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Hands-on medical training pays dividends
DVIDS
Military personnel taking part in Golden Coyote 2014 get intense, hands-on medical training they can rely on when they end up on a real-world mission. The performing-immediate-lifesaving training lane at West Camp Rapid involves learning various techniques such as needle decompression, applying bandages and tourniquets, carrying an injured person on a litter and calling in a medical evacuation over a radio.
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Lack of anatomy training could lead to shortage of surgeons
The Independent
Medical students are leaving university with a "worrying" lack of anatomical knowledge, top surgeons have warned, with many never having dissected a body and some qualifying as doctors without even seeing a cadaver.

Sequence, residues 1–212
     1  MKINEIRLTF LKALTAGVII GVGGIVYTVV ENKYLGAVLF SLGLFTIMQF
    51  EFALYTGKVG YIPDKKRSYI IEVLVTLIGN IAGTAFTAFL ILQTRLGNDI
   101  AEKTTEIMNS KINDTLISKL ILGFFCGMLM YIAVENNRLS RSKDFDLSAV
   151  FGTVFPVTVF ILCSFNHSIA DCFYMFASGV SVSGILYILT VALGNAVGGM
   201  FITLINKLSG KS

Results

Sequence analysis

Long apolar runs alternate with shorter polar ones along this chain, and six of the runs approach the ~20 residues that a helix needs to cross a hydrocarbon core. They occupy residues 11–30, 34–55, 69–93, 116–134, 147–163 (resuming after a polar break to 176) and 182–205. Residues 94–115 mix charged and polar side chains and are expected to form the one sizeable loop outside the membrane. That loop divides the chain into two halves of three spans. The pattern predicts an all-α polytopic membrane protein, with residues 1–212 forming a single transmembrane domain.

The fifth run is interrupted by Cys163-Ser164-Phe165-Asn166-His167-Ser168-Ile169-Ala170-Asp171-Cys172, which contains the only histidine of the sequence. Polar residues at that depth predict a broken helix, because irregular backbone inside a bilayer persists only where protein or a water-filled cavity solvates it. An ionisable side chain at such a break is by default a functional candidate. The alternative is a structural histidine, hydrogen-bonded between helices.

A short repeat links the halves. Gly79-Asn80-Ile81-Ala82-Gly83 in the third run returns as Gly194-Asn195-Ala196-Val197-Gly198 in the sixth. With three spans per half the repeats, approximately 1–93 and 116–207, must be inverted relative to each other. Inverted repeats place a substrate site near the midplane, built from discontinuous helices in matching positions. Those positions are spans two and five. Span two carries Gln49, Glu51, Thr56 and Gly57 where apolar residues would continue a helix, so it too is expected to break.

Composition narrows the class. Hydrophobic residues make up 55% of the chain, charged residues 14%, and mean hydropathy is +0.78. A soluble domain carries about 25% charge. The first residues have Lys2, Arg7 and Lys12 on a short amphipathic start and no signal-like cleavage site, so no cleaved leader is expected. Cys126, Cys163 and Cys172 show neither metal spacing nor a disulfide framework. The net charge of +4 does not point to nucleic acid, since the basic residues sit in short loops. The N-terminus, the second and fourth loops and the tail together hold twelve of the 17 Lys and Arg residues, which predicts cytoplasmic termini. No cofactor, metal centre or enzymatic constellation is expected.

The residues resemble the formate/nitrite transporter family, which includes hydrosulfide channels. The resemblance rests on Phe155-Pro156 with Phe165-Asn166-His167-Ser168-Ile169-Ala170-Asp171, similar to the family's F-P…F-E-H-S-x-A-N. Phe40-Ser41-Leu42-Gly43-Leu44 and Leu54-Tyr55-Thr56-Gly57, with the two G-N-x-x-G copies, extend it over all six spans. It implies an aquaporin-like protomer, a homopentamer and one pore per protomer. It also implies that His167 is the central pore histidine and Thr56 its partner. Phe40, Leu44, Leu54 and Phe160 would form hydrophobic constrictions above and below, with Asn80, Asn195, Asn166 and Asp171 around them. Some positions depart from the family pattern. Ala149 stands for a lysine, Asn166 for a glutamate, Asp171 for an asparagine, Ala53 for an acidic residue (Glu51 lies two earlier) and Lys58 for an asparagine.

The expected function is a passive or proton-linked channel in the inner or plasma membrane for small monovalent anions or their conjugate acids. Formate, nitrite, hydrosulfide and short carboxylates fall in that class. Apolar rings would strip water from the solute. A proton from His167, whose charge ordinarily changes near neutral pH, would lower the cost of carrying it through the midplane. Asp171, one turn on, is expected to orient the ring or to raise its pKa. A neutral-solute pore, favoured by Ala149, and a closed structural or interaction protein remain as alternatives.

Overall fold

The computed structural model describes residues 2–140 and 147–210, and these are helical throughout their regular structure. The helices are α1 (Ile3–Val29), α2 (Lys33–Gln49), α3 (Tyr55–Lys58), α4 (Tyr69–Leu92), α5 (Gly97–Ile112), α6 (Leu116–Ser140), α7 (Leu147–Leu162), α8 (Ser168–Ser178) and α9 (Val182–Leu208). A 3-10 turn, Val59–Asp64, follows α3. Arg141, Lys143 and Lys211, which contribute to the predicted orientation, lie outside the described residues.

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Advanced medical training comes to Riverwood, Minnesota
Aitkin Independent Age
He blinks, he takes breaths, and has a pulse. He can simulate many real bodily functions, including fluctuation in blood pressure and other vital signs. High-tech manikins such as this male, a female manikin that can simulate the birth of a baby, and an infant manikin were recently used at Riverwood Healthcare Center to simulate scenarios such as cardiac arrest during surgery, complex obstetric deliveries, and pediatric trauma featuring a blocked airway.
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PRODUCT SHOWCASE
  Patient Observations Simulator

Have you ever needed a way to replicate realistic scenarios with standardized patients? Do you need to provide extra information for your manikin simulations? SimObs allows you to pre-set various bedside observations and then transmit them to the handheld simulator display when needed. The controller device can also be controlled with the pre-programmed handheld or from a PC
 


Young doctors go through boot camp